Synthetic shaving brushes have been around for years but have only recently started to show promise as a viable alternative to natural hair shaving brushes, such as badger, horse, and boar, thanks in part to the efforts of manufacturers like Muhle and the chemical industry.
Today you can expect synthetic shaving brushes to meet or exceed the performance of a low to mid-range badger brush and, possibly, even be on par with the top end badger shaving brushes.
Synthetic Shaving Brush History
Traditionally synthetic shaving brush knots were made of Nylon. These were great for exfoliating the skin (imagine rubbing your face with a toothbrush) but not so good at performing like a traditional shaving brush to create a lather suitable for a proper shave.
You could say it all started in the early 2000s when manufacturers began to taper the Nylon fibre tips, which resulted in a much softer feeling on the face. From here on, manufacturers began to taper the tips more, experiment with a mixture of fibre lengths and thicknesses in individual knots, and also began crimping the fibres to retain water. All of this led to a synthetic shaving brush that started to look, feel and perform much more like a natural shaving brush. But there was still room for improvement and increasing demand from consumers.
Fast forward to today and you’ll find that most synthetic shaving brushes are manufactured from a material called Taklon and the individual fibres in the knot are tapered to varying points of thickness that more accurately represent natural hair. This variation in thickness also means there is more space between the fibres allowing the knot to hold more water and feel more like real hair.
The performance or feel of a synthetic shaving brush will depend on the type of knot: it’s density, loft, shape, and size of knot bore.
Dense knots, those with a greater number of fibres, will have more backbone or stiffness meaning more pressure will need applying to make the knot splay.
Low lofts typically result in more backbone, whereas high lofts will feel less stiff allowing the knot to splay with less pressure.
The shape of the knot again determines the backbone. Fan-shaped knots will splay easily and bulb-shaped knots will have more backbone.
If the diameter of the knot is the same as the bore (the hole in the handle in which the knot sits) there will be less room for the fibres to splay giving more backbone to the shaving brush. If the bore is slightly larger than the knot diameter there will be more room for the fibres to splay when pressure is applied.
There’s no right or wrong, good or bad when it comes to knot type. It’s completely down to the preference of the shaver.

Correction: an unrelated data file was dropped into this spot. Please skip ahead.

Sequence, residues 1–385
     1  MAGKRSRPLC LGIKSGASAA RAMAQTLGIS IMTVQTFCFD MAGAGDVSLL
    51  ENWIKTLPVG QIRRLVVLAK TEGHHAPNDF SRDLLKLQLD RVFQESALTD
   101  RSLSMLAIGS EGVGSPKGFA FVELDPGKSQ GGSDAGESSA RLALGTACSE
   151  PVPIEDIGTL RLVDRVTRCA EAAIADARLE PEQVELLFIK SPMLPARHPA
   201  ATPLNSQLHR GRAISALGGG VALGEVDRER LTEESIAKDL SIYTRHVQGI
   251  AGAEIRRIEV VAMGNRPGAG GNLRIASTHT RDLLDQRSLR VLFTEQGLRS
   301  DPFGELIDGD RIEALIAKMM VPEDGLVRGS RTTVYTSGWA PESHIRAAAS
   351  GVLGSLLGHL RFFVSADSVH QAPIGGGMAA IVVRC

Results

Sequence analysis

Synthetic Shaving Brush Pros
In comparison to natural shaving brushes those of synthetic fibre are immensely cheaper so they make for an affordable entry point to the world of traditional wet shaving.
Natural hair has an irregular surface that acts as a trap for product, skin cells and moisture, which can lead to a build-up of bacteria that cleaning may not completely remove potentially leading to skin irritation. The surface of synthetic fibres doesn’t have these irregularities making them much easier to clean and dry and because bacteria is minimised your synthetic shaving brush is less likely smell.
Synthetic fibres are much stronger than natural so you can go as hard as you like without risking damage to the fibres. They will also take longer to break down than natural protein fibres.
NO SOAKING REQUIRED
Unlike natural fibre, shaving brushes those made with synthetic fibre don’t require soaking before use greatly speeding up your shave time.
No animals are harmed in the making of synthetic shaving brushes. To make natural shaving brushes the animals are killed, except for horses, to harvest their pelts for fur.
Synthetic Shaving Brush Cons
Although there have been leaps and bounds in the quality and performance of synthetic shaving brushes they still don’t quite feel the same as traditional badger brushes. However, this comes down to personal preference.
Whilst synthetic shaving brushes are getting progressively better at retaining the water they are still not quite up there with natural fibre brushes so you’ll find yourself having to adjust your lathering technique to accommodate this.
Natural fibre shaving brushes can soak up water. By leaving a natural brush to soak it is possible to reduce its stiffness. Synthetic brushes don’t have this luxury as the fibres are unable to soak up water so it’s not possible to reduce the stiffness.
With today’s technology synthetic fibre shaving brushes are a match for traditional badger brushes. Which one you choose will ultimately be determined by your wallet and your personal preference.